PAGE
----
Following the exciting news that Kiwi filmmaker Taika Waititi has signed on to write and direct a follow-up to his 2017 smash hit film Thor: Ragnarok, we take a look back at some of the finest and funniest moments in his career to date.

5. The Thor: Ragnarok press tour

Now this is how you promote a film. Waititi looked like he was having the time of his life on the Thor: Ragnarok press tour, using any opportunity to gently roast his cast on Instagram or debut a beautiful new outfit. His "admiration" of Australian actors lead to these priceless posts praising Cate Blanchett and Chris Hemsworth at Comic Con, while he showed no mercy for Anthony Hopkins by sharing this photo of the actor sporting some uncomfortable- looking sweat patches, which Hemsworth had had the grace to photoshop out on his own account. Waititi was too busy working his stunning pineapple jumpsuit to worry.

4. Playing the role of Kiwi-accented Korg

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Waititi was no stranger to casting himself in his own films – he's a comedic marvel in What We Do in the Shadows, and delivered one of the best scenes as the Minister in Hunt for the Wilderpeople. But his portrayal of Korg – a lovable, tender-hearted, New Zealand-accented alien made of rock – in Thor: Ragnarok is forever embedded in our memory. Waititi delivered some of the funniest lines in Ragnarok, stealing the show in a film that provided some much-needed comic relief to the MCU. We were thrilled to see Korg back in Avengers: Endgame, and we hope he's back in the action in the upcoming Thor sequel.

3. Hosting the New Zealand Music Awards

Waititi on stage at the 2015 Vodafone NZ Music Awards in Auckland. Photo / NZ Herald.
Waititi on stage at the 2015 Vodafone NZ Music Awards in Auckland. Photo / NZ Herald.

Back in 2015 Waititi took on one of the toughest gigs going; hosting the New Zealand Music Awards. So was he the host with the most? Err, not quite... What should have been a career slam dunk became one of Waititi's first big scale "controversies" when people failed to respond to his comedic choice to go over the top arrogant. While the music industry types crowded inside Vector Arena found his off-the-cuff improvisational style and funny riffs on how great he was hilarious, the Ricky Gervais style routine completely failed to amuse those watching the prime time broadcast at home on the telly. People were left divided and subsequently Waititi did not return to host the following year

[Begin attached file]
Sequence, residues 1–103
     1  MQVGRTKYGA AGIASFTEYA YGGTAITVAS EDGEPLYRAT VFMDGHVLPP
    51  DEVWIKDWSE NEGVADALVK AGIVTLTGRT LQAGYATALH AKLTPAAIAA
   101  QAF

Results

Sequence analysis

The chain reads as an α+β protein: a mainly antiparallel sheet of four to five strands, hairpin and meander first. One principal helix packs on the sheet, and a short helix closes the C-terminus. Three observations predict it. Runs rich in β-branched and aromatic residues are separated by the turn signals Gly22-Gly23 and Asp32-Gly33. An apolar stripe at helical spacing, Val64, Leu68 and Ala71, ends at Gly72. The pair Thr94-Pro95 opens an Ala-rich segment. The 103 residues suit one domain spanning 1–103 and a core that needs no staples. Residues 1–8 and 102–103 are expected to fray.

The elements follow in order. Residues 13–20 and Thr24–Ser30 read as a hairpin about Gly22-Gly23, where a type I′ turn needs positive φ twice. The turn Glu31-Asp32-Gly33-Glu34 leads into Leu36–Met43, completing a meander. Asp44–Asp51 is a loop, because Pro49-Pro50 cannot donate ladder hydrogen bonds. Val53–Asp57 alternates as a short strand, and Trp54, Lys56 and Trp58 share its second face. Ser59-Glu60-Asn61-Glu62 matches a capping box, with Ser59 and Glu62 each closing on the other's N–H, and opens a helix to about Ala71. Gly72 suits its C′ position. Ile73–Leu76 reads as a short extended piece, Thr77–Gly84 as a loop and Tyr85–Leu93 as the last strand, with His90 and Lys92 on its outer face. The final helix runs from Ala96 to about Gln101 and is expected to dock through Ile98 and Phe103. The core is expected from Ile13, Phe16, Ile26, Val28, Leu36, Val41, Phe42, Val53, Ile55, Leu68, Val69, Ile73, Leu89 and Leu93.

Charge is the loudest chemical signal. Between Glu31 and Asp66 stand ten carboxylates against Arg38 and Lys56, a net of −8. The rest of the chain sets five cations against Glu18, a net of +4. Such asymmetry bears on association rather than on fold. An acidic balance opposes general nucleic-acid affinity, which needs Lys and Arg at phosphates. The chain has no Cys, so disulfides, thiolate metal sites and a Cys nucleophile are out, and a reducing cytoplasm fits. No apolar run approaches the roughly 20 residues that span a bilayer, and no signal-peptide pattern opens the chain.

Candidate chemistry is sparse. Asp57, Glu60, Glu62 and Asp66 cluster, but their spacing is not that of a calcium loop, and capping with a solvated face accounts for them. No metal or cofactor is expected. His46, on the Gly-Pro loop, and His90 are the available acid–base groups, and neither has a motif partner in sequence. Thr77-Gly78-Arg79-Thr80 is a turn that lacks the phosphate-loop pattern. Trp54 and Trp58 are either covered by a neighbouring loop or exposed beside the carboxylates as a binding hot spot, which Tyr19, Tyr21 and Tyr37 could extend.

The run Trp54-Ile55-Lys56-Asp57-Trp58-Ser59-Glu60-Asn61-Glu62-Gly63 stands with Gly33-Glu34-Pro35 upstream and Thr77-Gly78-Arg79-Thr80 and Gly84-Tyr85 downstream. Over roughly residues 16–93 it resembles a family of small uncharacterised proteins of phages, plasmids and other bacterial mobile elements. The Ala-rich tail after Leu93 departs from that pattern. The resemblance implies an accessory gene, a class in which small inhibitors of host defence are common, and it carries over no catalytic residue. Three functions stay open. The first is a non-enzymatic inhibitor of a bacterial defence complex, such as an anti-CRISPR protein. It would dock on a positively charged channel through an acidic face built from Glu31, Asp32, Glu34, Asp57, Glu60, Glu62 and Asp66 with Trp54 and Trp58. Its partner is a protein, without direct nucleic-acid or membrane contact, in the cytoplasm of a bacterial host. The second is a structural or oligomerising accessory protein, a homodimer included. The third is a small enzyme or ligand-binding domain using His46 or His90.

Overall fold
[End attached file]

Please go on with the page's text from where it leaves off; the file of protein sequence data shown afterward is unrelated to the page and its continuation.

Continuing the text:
However Waititi felt no sorrow and kept the schick going the next day when he responded to the criticism on his Facebook page, posting, "I was an amazing MC".


2. Winning the 2017 New Zealander of the Year Award

After establishing himself as one of Hollywood's most talented directors following the release of Hunt for the Wilderpeople and Boy, Waititi's success was recognised back home when he was named the 2017 New Zealander of the Year.
Chief judge Cameron Bennett said the Wellington-born filmmaker was talented, inspiring and a "thoroughly worthy recipient" of the supreme award.
"Taika Waititi is an exciting and inspiring example of who and what we are as Kiwis. Creative, courageous, audacious, subversive and downright funny, he's at the forefront of New Zealand filmmaking and the arts," said Bennett.
"Taika's outstanding contribution has not only been rewarded with record box-office success at home - he's also been highly successful in showcasing who and what we are to the world."
Waititi was working in Los Angeles at the time and was unable to receive the award in person. His wife, Chelsea Winstanley collected it on his behalf from then Prime Minister Bill English.
As well as his success as a writer, director, actor, comedian, visual artist and story teller, Waititi has also been passionate about engaging youth in the arts as a positive outlet for creativity. He also spoke publicly about child poverty and youth suicide.


1. Telling the world New Zealand is "racist as f**k"

After winning the hearts of the nation, Waititi showed courage in continuing to speak out and raise awareness of social issues when he declared New Zealand was "racist as f**k".
Waititi made the comment last April, while chatting with Kiwi musician Ruban Nielson, as the pair discussed New Zealand culture and their Kiwi roots in an interview for Dazed and Confused.
"It's racist as f**k. I mean, I think New Zealand is the best place on the planet, but it's a racist place," he said. "People just flat-out refuse to pronounce Maori names properly. There's still profiling when it comes to Polynesians. It's not even a colour thing – like, 'Oh, there's a black person.' It's, 'If you're Poly then you're getting profiled."
Waititi received plenty of criticism from those who disagreed with his views and even Prime Minister Jacinda Ardern weighed in on the matter, conceding there's "no denying we have issues" with racism.
Waititi's remarks came after he had previously appeared in a video supporting the New Zealand Human Rights Commission's Give Nothing to Racism campaign.